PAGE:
Fractal Design Node 804 Exterior

In terms of appearance, the Node 804 stands true to all that Fractal Design proclaims; it is a minimalistic, simple design, lacking anything that would have the case profanely standing out in a living room. Measuring 307mm × 344mm × 389mm (H×W×D), it has a volume of 0.041m3, which is not among the smallest cases of its league. As we mentioned in the introduction, the Node 804 is externally very similar to the much smaller Node 304 that we reviewed years ago. There currently is only one color variant (black) of the Node 804.

The Node 804 has a straight, clean faceplate with intake vents covering about a quarter of its surface and a left side panel window. The power button and the front I/O ports can be found on the right side of the faceplate, hidden from direct view. There are two USB 3.0 ports and two 3.5mm audio jacks, with the power button in between them. A long, narrow opening can also be noticed across the right side of the front panel; that is for the installation of a slim, slot loading optical drive. The Node 804 has no 5.25" bays, so this is the only option for an optical disk reader. Still, it is an option that most of the cases in this category do not offer at all.

The faceplate can be removed by simply pulling it off, revealing two long filters covering the front air intakes. In what we consider it to be a serious design flaw, the filters can only be removed towards the bottom of the case, not upwards, forcing the user to roll the case on its side or back if it is not near the edge of a desk. The faceplate is also home to two 2.5" drive bays. Yes, that is where Fractal Design placed the slots for SSDs, which fit inside a thin plastic frame formed behind the faceplate. It saves space from the inside of the case and keeps the system a little bit cleaner, but it is not very convenient when it comes to cable management.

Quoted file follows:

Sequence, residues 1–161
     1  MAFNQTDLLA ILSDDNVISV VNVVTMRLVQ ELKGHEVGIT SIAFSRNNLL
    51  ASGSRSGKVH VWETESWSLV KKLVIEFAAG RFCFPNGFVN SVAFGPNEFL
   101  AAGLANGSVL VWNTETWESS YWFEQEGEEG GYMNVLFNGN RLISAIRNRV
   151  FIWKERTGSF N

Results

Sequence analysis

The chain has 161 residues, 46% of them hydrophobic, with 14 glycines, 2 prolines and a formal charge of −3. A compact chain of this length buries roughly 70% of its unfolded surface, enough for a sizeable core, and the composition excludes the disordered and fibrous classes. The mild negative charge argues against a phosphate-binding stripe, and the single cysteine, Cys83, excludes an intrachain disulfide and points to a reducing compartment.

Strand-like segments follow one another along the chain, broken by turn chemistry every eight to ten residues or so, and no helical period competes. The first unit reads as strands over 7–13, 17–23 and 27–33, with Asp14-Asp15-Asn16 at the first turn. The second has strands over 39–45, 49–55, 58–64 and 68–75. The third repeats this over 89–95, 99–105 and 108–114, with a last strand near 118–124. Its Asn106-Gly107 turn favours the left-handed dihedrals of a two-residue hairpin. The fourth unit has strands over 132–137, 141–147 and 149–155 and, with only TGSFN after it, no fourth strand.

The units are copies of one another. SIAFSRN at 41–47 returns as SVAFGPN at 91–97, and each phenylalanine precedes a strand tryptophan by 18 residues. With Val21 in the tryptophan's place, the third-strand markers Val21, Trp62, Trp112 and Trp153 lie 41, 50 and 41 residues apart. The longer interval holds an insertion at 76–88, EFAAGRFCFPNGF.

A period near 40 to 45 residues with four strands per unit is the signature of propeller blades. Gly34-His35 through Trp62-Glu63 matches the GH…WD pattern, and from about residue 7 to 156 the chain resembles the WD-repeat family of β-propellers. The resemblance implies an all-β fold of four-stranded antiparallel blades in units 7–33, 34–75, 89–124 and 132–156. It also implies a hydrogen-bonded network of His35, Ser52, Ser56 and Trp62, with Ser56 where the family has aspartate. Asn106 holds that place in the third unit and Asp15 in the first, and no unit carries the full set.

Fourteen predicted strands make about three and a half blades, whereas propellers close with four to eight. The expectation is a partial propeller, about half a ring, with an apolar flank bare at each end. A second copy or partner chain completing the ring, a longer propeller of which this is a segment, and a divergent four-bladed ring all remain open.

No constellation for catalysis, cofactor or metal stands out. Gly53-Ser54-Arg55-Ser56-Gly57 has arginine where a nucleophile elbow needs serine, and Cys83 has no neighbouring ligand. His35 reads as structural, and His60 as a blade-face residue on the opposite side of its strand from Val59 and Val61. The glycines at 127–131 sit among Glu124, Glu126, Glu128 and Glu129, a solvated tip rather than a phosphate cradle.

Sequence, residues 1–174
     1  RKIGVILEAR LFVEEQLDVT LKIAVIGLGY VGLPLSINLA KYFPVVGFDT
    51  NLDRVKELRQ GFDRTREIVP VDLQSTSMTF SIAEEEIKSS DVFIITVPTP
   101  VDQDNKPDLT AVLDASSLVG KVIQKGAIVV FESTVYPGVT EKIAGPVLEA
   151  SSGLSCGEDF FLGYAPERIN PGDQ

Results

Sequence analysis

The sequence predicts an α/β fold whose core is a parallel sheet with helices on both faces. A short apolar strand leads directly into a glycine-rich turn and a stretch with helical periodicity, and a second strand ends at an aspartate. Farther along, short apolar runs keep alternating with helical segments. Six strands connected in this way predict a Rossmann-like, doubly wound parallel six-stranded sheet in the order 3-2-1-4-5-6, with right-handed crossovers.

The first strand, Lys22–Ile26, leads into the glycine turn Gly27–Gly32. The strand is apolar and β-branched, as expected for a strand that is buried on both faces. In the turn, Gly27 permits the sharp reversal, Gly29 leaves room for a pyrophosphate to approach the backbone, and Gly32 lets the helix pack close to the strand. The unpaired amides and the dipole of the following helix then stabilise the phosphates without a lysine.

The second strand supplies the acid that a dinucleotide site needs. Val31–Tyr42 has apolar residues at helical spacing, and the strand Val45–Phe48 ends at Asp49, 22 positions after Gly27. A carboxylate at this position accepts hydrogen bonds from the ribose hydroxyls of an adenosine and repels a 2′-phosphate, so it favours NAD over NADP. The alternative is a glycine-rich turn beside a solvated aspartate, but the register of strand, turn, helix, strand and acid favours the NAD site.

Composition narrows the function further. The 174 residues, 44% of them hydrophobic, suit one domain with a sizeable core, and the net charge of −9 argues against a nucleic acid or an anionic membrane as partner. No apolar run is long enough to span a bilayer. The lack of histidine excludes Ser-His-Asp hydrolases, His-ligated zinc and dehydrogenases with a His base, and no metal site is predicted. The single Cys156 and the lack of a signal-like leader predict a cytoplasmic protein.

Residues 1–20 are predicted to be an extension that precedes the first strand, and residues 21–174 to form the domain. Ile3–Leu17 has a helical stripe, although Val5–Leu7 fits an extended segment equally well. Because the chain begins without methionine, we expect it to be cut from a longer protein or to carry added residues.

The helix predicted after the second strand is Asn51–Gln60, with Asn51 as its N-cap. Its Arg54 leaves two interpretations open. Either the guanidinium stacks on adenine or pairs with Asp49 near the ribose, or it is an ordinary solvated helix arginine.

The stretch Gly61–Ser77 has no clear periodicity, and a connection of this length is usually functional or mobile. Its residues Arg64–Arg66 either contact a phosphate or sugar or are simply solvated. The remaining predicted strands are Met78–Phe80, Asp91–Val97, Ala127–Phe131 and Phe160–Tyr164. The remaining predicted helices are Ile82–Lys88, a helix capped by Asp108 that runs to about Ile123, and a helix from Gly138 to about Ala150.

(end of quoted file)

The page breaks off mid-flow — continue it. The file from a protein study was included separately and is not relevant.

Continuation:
The metallic right side panel is completely flat and plain, while the top panel is one huge metallic mesh held on a thick plastic frame. The rear of the case reveals the split compartment design of the chassis, with the motherboard/system on one side and the PSU/disk drives on the other. We can also see a small switch that acts as a basic fan speed controller with three settings (High, Medium and Low). At the bottom of the case are two dust filters covering the bottom intakes of both compartments. The left filter can the removed towards the rear of the case, but the right filter that covers the PSU intake can only be removed by lifting the case and pulling it towards the front.

Introduction, Packaging & Bundle Fractal Design Node 804 Interior
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  • randomlinh - Wednesday, February 18, 2015 - link

    This is mostly not knowing how to photograph products. I know this isn't dpreview, but this is AT, not some run of the mill review site. My expectations for this site are that they do things professionally. Or, at least try to.
  • chlamchowder - Wednesday, February 18, 2015 - link

    Honestly this is not bad - they're not cell phone pictures, and (along with the text) got the job done in that they showed me I wouldn't want this case.